Henry Hills’ Money (1985) is a fourteen minute collage film of split second shots of performances by and conversations with experimental musicians, poets, and dancers in public and intimate spaces of Manhattan.
The indiscriminate and energetic mix of music performances, poets reading from books, and dancing combined with performers’ conversations and the bustle of the streets enacts the mutual conditioning of cultural production with the structures of lived experience. The confluences of lived experience, peculiarly intense in urban areas, form the consciousness for producing music, poetry, and dance which in turn materially constitute culture’s institutions in the superstructure and the subjects produced out of them.
The split second shot technique lifts the performances and conversations from their source coherences into atomized gestures. The atomization emphasizes intrinsic qualities of shots, near stills analyzable by photography aesthetics while simultaneously gesturing toward their implied temporal sequences.
Friday, December 9 CUNY Graduate Center, 365 Fifth Avenue (diagonally across from the Empire State Building) 6pm (sharp) to about 9:30pm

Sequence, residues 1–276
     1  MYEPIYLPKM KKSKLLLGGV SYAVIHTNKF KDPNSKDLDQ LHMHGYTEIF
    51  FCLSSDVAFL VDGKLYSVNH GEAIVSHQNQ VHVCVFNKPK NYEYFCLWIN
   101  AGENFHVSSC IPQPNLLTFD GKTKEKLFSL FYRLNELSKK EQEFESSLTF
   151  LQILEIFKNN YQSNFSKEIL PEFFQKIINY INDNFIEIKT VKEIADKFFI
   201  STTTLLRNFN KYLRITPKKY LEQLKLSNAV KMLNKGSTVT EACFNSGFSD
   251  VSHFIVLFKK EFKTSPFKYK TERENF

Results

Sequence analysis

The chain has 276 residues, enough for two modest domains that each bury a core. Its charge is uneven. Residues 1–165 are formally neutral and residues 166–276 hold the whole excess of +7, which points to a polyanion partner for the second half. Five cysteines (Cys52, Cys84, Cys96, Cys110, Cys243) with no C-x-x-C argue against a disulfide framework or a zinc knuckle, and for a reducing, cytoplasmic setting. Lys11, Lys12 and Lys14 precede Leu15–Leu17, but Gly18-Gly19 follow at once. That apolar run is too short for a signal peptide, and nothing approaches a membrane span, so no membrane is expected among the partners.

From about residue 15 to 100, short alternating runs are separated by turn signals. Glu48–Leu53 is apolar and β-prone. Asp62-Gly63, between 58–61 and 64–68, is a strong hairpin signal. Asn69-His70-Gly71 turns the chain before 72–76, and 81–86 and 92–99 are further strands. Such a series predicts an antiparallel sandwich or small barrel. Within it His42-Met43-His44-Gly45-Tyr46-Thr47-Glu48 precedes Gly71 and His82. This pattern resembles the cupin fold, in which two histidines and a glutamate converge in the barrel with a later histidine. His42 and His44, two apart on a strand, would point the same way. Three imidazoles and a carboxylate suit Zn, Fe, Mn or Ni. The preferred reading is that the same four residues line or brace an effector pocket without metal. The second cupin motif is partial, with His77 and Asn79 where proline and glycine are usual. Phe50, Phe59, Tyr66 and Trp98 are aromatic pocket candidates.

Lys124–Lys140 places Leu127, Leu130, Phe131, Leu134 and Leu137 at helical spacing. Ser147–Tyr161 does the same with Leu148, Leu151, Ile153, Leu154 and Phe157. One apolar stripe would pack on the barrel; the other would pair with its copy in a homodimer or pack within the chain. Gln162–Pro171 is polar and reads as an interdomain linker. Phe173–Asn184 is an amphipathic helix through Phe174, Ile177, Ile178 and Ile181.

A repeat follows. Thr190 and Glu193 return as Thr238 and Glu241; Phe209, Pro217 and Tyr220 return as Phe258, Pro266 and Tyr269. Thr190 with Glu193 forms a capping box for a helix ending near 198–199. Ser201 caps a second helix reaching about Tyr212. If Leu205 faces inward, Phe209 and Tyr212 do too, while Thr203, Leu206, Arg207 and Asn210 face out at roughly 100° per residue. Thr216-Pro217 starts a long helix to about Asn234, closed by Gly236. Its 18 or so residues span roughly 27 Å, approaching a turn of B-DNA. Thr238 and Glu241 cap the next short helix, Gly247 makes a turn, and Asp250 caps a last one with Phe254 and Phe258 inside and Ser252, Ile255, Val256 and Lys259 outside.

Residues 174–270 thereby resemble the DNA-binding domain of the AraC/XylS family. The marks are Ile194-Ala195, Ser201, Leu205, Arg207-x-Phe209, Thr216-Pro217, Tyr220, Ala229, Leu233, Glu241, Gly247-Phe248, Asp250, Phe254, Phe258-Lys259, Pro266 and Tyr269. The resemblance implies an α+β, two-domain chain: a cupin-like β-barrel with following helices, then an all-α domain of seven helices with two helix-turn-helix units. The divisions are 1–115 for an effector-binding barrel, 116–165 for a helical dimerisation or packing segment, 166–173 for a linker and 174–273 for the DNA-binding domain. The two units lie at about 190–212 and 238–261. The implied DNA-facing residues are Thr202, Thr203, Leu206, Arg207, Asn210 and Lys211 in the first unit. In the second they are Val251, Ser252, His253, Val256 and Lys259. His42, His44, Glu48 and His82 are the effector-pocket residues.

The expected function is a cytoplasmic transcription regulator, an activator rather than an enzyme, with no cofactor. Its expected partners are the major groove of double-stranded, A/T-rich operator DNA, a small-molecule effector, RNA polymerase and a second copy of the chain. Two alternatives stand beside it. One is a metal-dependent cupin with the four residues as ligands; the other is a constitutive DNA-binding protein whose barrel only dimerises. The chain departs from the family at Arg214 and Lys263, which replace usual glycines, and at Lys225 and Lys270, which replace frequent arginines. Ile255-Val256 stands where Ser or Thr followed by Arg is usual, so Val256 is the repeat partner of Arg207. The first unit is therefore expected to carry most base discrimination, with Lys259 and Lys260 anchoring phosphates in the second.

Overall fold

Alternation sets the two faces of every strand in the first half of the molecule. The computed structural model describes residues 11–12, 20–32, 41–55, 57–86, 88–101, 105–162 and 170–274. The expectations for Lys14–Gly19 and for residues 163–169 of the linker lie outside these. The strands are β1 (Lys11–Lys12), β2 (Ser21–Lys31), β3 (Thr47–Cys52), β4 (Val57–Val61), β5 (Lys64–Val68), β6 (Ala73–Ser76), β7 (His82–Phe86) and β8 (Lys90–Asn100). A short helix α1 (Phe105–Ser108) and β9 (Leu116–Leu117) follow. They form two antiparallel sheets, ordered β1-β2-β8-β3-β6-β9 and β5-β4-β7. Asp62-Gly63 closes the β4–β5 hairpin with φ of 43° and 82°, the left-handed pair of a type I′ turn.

Poet, translator, editor, anthologist, Jerome Rothenberg is joined by friends and collaborators for an exploration of his influential work. Papers on, and celebrations of, Rothenberg’s work will be presented by Susan Howe, Homero Aridjis, Carolee Schneemann, Ammiel Alcalay, Rachel Blau DuPlessis, Anne Waldman, Bruce Andrews & Sally Silvers, Jeffrey Robinson, Pete Monaco, Charles Morrow, Anne Tardos, George Economou, Rochelle Owens, Al Filreis, Monica de la Torre, Ernesto Livon-Grosman, Nicole Peyrafitte, Lee Ann Brown & Tony Torn, Mark Weiss, George Quasha, Peter Cockelbergh, Ligorano-Reese, Danny Snelson, Diane Rothenberg, Hiro Sato, Ian Tyson, and others.
The Brodsky Gallery at Kelly Writers House (at Penn) has an exhibit of the Holocaust etchings by Sigmund Laufer. This show will be up through December 2011. Susan Bee, his daughter, gave a talk about his work this past Thursday and Susan (with my intermittent help) presented a ppt on Laufer's life and work, which we are making available here. A fine discussion, led by Al Filreis's incisive comments, followed.
This is a long, awaited, much-needed collection of the exuberant and enthralling poetry of the great American Dada poet "Baroness" Elsa von Freytag-Loringhoven. The book is a sumptuous collection of poems and images, as much art catalog and text collection. And Irene Gammel tells me there are still significant uncollected poems, which I hope can be brought together in a web archive.